Carbondale’s Bob Rankin heads for the state senate later this month.
Currently state Representative for the 57th District, which includes Garfield County, Rankin was recently appointed to take Randy Baumgardner’s seat as Senator for the 8th District. Baumgardner is retiring Jan. 21 amidst sexual harassment allegations made last year.
Rankin spoke to KDNK by phone from Denver on the first day of the state legislative session and observed that the morning’s business already showed differences between Democrats and Republicans, who are in the minority in both the House and the Senate. “The Family Leave Bill was one that was talked about this morning,” he said. “That would put a burden on business to mandate — not just allow — but mandate that business provide for family leave.”
He added that last year’s Red Flag Bill, which would provide barriers to gun ownership by those with mental health issues, will also be another heavily-discussed measure this session. Rankin says it’s a good concept but it’s difficult to write a bill around it.
“How can we prevent gun violence by people who are mentally ill but at the same time not violate people’s Second Amendment rights?” he said.
The Denver Post reports that the controversial bill cleared the House last May but never made it out of the Senate’s State, Veterans, and Military Affairs Committee. Democrats plan to re-introduce it this year.
Rankin told KDNK that his first order of business when he takes on the mantle of senator will be to get to know those he’s working with. He’ll continue to work on the state’s budget and he plans on holding Town Hall-style meetings in Jackson, Grand, Summit, and Routt counties that comprise the new area of his constituency.
“I’ll now represent some fairly popular and big resort areas, namely Breckenridge and Steamboat,” he said. “The dynamics there for both the population and tourists are pretty different [than what he’s used to].”
But, he added, Grand and Jackson counties, which include Walden, Hot Sulphur Springs, Kremmling and Winter Park, are remote and rural. “It’s a mix,” he said. Rankin will continue to represent Garfield, Moffat, and Rio Blanco counties as senator.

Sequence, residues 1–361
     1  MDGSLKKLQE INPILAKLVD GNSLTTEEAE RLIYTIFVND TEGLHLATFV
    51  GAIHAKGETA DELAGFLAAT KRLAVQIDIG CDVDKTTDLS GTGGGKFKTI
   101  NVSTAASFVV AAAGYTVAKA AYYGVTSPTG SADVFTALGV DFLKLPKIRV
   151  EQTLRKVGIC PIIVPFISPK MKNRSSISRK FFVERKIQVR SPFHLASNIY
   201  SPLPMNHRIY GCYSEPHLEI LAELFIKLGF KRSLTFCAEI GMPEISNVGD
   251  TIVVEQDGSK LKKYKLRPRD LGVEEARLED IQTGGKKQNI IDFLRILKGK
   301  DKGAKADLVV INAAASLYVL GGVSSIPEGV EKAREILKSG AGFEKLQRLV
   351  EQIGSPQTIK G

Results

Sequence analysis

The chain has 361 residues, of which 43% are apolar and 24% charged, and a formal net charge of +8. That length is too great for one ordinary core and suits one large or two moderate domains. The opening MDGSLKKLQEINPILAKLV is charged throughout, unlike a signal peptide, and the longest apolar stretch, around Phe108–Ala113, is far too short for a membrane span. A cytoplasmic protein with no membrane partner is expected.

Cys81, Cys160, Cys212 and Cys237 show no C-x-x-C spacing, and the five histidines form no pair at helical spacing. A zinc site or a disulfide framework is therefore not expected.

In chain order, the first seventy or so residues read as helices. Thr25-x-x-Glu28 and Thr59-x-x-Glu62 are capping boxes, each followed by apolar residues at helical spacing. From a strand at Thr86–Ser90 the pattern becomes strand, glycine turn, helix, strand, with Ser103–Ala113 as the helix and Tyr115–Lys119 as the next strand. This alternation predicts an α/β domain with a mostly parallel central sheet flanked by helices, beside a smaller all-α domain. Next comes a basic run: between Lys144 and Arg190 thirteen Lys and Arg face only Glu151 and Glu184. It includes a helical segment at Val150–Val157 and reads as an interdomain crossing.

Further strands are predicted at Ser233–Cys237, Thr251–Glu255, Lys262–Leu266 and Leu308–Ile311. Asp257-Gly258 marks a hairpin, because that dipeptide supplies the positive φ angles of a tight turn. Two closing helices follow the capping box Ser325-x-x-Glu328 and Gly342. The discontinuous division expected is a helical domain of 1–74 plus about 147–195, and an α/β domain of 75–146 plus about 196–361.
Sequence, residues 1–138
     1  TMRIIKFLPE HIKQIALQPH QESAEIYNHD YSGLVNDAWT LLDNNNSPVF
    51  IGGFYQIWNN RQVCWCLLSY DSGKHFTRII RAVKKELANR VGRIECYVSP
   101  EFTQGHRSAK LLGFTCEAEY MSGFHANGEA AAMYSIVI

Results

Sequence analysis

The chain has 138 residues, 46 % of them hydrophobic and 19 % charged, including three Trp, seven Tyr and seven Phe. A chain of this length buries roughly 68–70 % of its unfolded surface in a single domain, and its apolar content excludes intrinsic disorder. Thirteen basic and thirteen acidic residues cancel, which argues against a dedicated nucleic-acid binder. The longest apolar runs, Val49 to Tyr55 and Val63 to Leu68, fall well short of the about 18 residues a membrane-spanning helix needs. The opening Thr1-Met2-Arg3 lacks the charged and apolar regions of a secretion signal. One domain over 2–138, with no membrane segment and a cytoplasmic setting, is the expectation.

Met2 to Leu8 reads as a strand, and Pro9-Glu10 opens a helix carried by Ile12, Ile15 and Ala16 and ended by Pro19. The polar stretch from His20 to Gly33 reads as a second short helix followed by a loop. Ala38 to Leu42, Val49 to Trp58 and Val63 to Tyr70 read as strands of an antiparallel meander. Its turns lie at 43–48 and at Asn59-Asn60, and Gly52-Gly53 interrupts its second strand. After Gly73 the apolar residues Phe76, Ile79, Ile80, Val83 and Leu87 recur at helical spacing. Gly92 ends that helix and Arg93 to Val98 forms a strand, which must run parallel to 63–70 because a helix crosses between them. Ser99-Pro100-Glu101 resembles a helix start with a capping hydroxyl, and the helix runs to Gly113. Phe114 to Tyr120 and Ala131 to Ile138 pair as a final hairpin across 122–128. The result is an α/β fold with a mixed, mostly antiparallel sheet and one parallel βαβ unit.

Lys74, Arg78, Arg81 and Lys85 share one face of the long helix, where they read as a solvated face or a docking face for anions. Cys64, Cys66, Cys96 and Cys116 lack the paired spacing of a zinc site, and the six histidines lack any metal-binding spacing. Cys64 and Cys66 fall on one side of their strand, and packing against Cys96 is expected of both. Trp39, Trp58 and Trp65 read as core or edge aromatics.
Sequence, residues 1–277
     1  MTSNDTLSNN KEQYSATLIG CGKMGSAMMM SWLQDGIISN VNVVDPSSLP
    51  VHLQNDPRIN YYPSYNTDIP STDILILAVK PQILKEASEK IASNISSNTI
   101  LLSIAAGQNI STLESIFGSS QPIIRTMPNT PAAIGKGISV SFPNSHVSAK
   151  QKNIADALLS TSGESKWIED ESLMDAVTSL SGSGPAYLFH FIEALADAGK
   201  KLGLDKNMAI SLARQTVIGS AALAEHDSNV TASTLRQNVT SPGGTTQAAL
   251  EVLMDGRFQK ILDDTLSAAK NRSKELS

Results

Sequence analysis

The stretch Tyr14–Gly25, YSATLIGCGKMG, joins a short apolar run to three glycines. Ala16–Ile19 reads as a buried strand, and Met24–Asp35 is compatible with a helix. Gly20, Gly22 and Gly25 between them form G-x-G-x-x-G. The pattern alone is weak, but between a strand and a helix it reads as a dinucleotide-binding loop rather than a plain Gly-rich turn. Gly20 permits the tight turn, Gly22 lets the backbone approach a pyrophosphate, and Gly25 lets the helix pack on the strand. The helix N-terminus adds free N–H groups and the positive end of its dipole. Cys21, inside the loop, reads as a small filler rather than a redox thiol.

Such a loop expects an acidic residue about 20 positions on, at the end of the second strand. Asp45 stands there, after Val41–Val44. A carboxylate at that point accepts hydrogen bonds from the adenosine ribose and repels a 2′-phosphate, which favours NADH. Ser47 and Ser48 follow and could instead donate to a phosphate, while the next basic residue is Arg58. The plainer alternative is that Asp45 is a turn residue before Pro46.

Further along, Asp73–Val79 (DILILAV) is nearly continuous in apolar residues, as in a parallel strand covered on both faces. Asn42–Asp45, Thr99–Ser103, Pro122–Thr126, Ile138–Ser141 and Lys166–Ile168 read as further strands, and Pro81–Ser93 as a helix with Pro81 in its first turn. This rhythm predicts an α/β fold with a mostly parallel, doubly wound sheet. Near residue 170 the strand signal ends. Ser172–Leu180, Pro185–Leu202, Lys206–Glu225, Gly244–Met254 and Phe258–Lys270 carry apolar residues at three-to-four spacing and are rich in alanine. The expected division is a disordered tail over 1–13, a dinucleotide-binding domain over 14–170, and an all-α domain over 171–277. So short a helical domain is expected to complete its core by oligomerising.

He said he’ll continue to work on the cost of healthcare in rural Colorado, education, and fixing the impact of the Gallagher Amendment on rural special districts. “We have many small districts, including fire districts, library districts… that will lose revenue because that calculation is on a statewide basis rather then taking into account the differences between rural Colorado and the Front Range,” he explained.
He has been on the state tourism board for six years. “I think that’s very pertinent for representing these resort areas,” he said.
Rankin had entered his final term as state representative when he was appointed to the senate seat. Now, he’ll serve out the remaining two years of Baumgardner’s term and will be able to run for two more full terms. “It’s interesting how this is all going to spin out,” he said. “What kind of come-back can we Republicans stage in two years? Can we take back the Senate? Can we get some of the seats back in the House? All of that’s going to be the subject of a lot of discussion in the next couple of years and we’ll see how that goes.”
As for who will be appointed as the next Representative of the state’s 57th District, Rankin’s wife Joyce has expressed interest. She was appointed to the state Board of Education in August, 2015 to fill a mid-term vacancy and was elected the following year to complete a six-year term.
Bob Rankin will be sworn in on Jan. 21. A vacancy committee for his House district seat will be formed to replace him.